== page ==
I DNF’d this story about halfway through because it was so confusing, and there were so many typos that I occasionally couldn’t figure out what the author was trying to say. The cast of characters was way, way too big, and I got the feeling we were supposed to know them, their backgrounds, and preceding events from something else. Rena’s reactions to Duke and Nick turned on a dime and I didn’t know why; there wasn’t enough backstory or context given for anything that was happening, at least not in what I read. Overall, this was unpleasant and confusing.

Rating: DNF

Love at Dawn by Cara McKinnon: Sometimes mortals need a little push from a god and goddess to fall in love…

I LOVED this story! The world was fascinating; the characters were sympathetic, multidimensional, and showed growth; and the romance was both sweet and hot. Leora and Reed were wonderful both individually and together, and the reason behind their initial tension was quite believable, as was their move past it. Ms. McKinnon was sparing with the details on the world, religion, and society, yet she provided just enough to set a seamless and coherent scene without bogging down the pace. Though I know this was probably a one-shot, I think there’s enough here to spur a full-length novel—a novel I’d read in a heartbeat. Also, there wasn’t a single typo, which made me beyond thrilled.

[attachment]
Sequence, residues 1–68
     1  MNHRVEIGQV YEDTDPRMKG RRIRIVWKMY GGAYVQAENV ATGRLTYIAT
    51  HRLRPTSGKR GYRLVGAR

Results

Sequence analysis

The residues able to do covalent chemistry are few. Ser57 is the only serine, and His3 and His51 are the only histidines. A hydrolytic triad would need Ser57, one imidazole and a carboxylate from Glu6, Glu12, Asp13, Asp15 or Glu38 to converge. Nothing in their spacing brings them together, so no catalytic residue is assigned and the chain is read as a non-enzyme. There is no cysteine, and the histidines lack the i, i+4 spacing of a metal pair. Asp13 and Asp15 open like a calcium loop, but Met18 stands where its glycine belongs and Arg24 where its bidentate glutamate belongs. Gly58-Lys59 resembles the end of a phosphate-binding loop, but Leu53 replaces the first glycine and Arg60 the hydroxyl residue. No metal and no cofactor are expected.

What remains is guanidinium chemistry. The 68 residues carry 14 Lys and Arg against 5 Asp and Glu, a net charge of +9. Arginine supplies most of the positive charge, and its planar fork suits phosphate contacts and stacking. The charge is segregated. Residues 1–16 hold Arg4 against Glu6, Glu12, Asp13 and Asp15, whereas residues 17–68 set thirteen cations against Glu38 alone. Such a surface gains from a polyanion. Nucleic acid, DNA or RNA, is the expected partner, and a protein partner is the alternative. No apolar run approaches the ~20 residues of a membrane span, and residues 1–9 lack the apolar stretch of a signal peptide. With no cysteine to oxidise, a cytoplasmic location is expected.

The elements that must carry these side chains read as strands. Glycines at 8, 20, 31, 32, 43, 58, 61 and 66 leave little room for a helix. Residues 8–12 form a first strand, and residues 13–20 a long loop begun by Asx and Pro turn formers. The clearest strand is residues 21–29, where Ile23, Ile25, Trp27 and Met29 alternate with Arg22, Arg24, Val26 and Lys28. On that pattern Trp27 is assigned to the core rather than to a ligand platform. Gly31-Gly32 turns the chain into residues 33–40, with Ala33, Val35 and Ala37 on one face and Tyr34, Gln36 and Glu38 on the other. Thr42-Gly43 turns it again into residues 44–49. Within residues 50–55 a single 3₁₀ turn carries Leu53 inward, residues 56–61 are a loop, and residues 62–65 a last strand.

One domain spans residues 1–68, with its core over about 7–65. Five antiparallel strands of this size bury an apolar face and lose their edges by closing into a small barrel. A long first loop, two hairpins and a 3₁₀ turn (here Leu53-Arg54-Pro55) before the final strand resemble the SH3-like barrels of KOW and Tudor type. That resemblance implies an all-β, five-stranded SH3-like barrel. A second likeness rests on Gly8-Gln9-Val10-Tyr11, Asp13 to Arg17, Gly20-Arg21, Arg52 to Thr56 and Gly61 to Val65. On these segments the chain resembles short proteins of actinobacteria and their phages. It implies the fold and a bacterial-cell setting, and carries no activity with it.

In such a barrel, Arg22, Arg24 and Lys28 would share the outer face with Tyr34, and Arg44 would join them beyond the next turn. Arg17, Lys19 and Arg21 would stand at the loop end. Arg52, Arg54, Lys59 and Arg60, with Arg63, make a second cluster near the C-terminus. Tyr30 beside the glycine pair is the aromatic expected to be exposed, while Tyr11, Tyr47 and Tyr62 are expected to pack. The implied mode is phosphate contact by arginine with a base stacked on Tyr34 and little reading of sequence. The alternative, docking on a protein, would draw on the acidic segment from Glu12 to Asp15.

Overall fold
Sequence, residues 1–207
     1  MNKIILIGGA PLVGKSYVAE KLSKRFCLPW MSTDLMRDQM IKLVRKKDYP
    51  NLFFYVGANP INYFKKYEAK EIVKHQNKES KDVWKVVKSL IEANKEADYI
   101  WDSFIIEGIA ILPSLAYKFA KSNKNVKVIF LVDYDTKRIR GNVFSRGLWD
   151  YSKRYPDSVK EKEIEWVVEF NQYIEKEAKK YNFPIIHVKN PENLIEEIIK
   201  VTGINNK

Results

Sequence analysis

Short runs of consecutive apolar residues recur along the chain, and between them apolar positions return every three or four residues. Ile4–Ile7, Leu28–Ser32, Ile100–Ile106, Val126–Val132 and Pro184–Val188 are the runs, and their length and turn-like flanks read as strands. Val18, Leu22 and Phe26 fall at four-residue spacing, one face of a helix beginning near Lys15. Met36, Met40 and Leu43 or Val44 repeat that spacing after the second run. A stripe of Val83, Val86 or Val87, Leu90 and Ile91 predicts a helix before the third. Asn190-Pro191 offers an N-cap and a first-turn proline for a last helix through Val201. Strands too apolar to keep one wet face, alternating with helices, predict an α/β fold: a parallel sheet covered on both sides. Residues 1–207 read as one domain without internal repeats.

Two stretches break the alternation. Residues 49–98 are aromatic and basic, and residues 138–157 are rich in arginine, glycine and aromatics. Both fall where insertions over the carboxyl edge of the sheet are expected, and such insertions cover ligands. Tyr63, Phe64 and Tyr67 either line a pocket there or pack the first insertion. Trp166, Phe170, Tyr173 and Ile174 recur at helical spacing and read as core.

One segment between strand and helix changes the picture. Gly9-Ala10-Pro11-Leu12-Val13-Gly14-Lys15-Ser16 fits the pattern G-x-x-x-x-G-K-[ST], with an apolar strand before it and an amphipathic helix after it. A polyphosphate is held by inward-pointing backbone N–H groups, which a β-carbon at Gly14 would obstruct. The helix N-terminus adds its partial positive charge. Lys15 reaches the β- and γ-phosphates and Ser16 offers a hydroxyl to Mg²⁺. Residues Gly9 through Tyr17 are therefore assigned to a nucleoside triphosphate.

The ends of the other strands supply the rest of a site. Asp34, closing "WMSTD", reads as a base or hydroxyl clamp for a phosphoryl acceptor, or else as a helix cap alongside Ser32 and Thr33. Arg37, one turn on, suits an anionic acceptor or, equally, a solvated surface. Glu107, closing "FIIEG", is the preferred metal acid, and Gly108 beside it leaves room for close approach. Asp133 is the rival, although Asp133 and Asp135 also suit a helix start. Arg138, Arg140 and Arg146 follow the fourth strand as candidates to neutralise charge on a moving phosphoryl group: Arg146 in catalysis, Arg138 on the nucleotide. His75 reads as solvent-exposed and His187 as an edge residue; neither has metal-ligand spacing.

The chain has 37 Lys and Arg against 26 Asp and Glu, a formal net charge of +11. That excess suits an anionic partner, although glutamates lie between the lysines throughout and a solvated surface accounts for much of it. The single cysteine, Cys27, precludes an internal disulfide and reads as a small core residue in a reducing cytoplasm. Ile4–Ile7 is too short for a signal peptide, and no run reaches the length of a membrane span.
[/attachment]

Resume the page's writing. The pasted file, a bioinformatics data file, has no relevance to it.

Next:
“Love at Dawn” was an excellent beginning to this little collection, and if Ms. McKinnon’s other work is even half this good, I will definitely be reading more! I highly recommend this story.

Rating: A+

A Hunt for Love by M.T. DeSantis: Can a djinn and a clueless guy beat the clock, avoid the curse, and maybe even find true love?

“A Hunt for Love” was sweet, silly, and clean. Janessa and Adam were cute together on their scavenger hunt, and there was enough humor and snark to make it fun. They were pretty simple, as characters go, though I think that fit the piece perfectly. Even with the looming deadline, it was obvious how the story would end, but that didn’t detract from my enjoyment of it, The end was actually rather touching, more so if you consider the broader aspects of the choice Adam made. Aladdin, this was not, though that story is humorously referenced a couple of times. Also, there were a few more typos than seemed acceptable for this short a story, which was disappointing.

This was a nice little palate-cleanser in the middle of the collection.

Rating: B+

Spring Fling by Mary Rogers: A druid’s bargain gives Carson revenge against his former lover Carrie–at the price of her memories of them together. But did she truly steal his magic all those years ago? Or was the real theft his heart?

Um, so this one sucked. It wasn’t a romance and it wasn’t really about love, either. It didn’t even make all that much sense! It started with normal college kids (the guy is an utter prick) and then suddenly…MAGIC IS A THING, without being introduced, prefaced, or explained. It didn’t fit and neither did the rest of the story. There wasn’t any reason for Carson to want revenge against Carrie, other than that he was a selfish, irredeemable asshole whom she was lucky to get away from the first time. What he did to her was unforgivable and made me hate a character I hadn’t liked from the start.